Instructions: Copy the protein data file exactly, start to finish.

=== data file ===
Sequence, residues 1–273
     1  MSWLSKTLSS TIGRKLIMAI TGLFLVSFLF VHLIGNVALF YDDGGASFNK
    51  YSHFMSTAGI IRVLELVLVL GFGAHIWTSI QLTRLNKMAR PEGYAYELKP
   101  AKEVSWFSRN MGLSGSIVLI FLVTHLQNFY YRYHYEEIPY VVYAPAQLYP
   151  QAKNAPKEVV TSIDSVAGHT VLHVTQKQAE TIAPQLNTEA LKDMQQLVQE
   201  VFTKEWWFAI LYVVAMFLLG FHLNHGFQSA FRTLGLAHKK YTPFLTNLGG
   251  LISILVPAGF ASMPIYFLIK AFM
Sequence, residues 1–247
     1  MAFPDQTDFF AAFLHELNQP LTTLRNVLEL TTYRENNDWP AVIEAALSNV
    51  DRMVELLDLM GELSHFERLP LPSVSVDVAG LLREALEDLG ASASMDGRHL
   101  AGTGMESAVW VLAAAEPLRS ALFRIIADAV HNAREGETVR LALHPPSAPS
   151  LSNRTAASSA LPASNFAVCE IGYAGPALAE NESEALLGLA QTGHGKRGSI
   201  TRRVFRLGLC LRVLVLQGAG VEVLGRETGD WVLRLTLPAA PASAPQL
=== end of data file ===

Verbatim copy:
Sequence, residues 1–273
     1  MSWLSKTLSS TIGRKLIMAI TGLFLVSFLF VHLIGNVALF YDDGGASFNK
    51  YSHFMSTAGI IRVLELVLVL GFGAHIWTSI QLTRLNKMAR PEGYAYELKP
   101  AKEVSWFSRN MGLSGSIVLI FLVTHLQNFY YRYHYEEIPY VVYAPAQLYP
   151  QAKNAPKEVV TSIDSVAGHT VLHVTQKQAE TIAPQLNTEA LKDMQQLVQE
   201  VFTKEWWFAI LYVVAMFLLG FHLNHGFQSA FRTLGLAHKK YTPFLTNLGG
   251  LISILVPAGF ASMPIYFLIK AFM
Sequence, residues 1–247
     1  MAFPDQTDFF AAFLHELNQP LTTLRNVLEL TTYRENNDWP AVIEAALSNV
    51  DRMVELLDLM GELSHFERLP LPSVSVDVAG LLREALEDLG ASASMDGRHL
   101  AGTGMESAVW VLAAAEPLRS ALFRIIADAV HNAREGETVR LALHPPSAPS
   151  LSNRTAASSA LPASNFAVCE IGYAGPALAE NESEALLGLA QTGHGKRGSI
   201  TRRVFRLGLC LRVLVLQGAG VEVLGRETGD WVLRLTLPAA PASAPQL